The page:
April is Cesarean Awareness Month (CAM) around the world. For some global locations, there are too few cesareans performed and pregnant/postpartum people and/or their newborns are dying or experiencing complications. (In the sub-Saharan region of Africa the rate of cesarean section is 4%.) In other locations, including in the United States, there are too many cesareans performed and pregnant/postpartum people are dying or suffering from significant complications. (Some Latin American countries have a cesarean rate around 60%, the USA’s cesarean rate is just shy of 32%.) It is estimated that about six million unnecessary cesareans are done each year, half of them in Brazil and China (Boerma, T., et al, 2018.) It is believed that approximately 60% of cesareans are not clinically necessary. Research has indicated that 25 percent of countries underuse cesarean sections, while 60 percent of countries were found to overuse the procedure (Wiklund, I., 2018.)
Due to the continued lack of access for a trial of labor after cesarean (TOLAC), people who birth after a surgical birth often have a planned repeat cesarean. This makes it even more critical to prevent the primary cesarean. Risk of death and complications, especially for the birthing parent, increase with every cesarean that a person undergoes.
Many pregnant people don't want to think about the possibility of having a cesarean, planned or unplanned. “I didn’t even read that section of the book, because I didn’t want to think about that,” is a common statement that I often hear from students. The likelihood that a person will give birth by cesarean is real. If you are pregnant, it's important to take steps to reduce your chances of birthing by cesarean. A quality childbirth class that covers informed choice, helps you identify an evidence-based provider, and provides in-depth information on interventions can help. In order to help reduce your chance of cesarean as well as prepare for the possibility of birth by cesarean, look for a childbirth class with the following objectives:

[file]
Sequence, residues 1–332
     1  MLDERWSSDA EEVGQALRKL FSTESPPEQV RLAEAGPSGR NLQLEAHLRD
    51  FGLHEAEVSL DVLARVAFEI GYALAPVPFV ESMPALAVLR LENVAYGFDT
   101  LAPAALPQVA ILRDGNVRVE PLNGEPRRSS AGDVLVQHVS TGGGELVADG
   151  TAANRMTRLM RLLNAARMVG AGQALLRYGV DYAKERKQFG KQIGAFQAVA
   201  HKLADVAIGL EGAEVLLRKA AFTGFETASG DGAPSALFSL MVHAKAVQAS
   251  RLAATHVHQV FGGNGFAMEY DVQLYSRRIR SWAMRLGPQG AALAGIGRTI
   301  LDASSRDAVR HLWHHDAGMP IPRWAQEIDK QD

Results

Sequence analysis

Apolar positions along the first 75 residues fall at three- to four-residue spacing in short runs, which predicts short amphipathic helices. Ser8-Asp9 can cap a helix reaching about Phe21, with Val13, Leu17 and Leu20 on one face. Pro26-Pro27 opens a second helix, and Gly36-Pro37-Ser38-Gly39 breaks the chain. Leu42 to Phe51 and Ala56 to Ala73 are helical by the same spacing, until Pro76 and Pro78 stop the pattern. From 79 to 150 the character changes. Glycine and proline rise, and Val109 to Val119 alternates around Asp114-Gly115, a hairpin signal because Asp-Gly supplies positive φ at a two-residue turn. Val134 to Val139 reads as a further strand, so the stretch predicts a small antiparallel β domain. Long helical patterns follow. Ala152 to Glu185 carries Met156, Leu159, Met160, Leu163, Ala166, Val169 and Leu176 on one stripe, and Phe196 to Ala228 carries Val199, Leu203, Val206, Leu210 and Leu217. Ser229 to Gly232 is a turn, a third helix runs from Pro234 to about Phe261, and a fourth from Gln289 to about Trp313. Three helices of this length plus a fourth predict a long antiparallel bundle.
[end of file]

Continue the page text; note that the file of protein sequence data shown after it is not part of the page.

- Identifying an appropriate provider and birth facility based on your health status and birth intentions/preferences.
- Facilitating confidence in your own ability to navigate informed consent and decision-making conversations with care providers
- Information and encouragement for adding a birth doula to your team to offer support, information, and assistance with coping and comfort measures.
- Preparation for the possibility of a surgical birth; how to make it positive and information on evidence-based actions in the operating room.
- Resources on cesarean and VBAC, including support groups, in the event you give birth by cesarean in order to receive continued peer-to-peer support and information.
While April is Cesarean Awareness Month, the topic should be reviewed no matter when you or someone you know is pregnant. Thorough understanding and preparation helps reduce your risk of giving birth by cesarean when there is not a medical need, as well as have the best experience and ongoing support possible should a cesarean become necessary.
Boerma, T, Ronsmans, C, Melesse, DY, Barros, AJD, Barros, FC, Juan, L, et al.. Global epidemiology of use of and disparities in caesarean sections. Lancet 2018;392:1341–48. https://doi.org/10.1016/s0140-6736(18)31928-7.
Wiklund, I, Malata, AM, Cheung, NF, Cadee, F. Appropriate use of caesarean section globally requires a different approach. Lancet 2018;392:1288–89. https://doi.org/10.1016/s0140-6736(18)32325-0
About Sharon Muza
Sharon Muza, BS, CD/BDT(DONA), LCCE, FACCE, LCE, has been an active perinatal professional since 2004, teaching Lamaze classes to thousands of families and doula-ing in Seattle, WA. Sharon is also a trainer of new birth doulas and childbirth educators. She blogs professionally on perinatal topics and is the community manager for Connecting the Dots, Lamaze International’s perinatal professional blog. Sharon enjoys facilitating discussion around best practice, current research and its practical application to maternal infant health and community standards. She also loves creating and delivering engaging and interactive learning sessions both in person and online. You can learn more about Sharon, on her website, SharonMuza.com.
TagsChildbirth Class Cesarean Awareness Month VBAC Cesarean Surgery C-section Avoiding Cesarean TOLAC